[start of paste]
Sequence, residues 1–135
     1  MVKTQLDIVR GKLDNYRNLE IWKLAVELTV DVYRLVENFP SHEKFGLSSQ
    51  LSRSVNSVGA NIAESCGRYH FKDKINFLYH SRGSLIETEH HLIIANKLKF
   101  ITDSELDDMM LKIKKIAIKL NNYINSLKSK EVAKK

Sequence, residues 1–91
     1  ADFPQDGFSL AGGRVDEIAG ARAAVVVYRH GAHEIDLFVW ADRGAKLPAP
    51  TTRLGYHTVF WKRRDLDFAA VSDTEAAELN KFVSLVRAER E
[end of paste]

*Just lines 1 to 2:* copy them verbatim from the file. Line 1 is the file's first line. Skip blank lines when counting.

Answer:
Sequence, residues 1–135
     1  MVKTQLDIVR GKLDNYRNLE IWKLAVELTV DVYRLVENFP SHEKFGLSSQ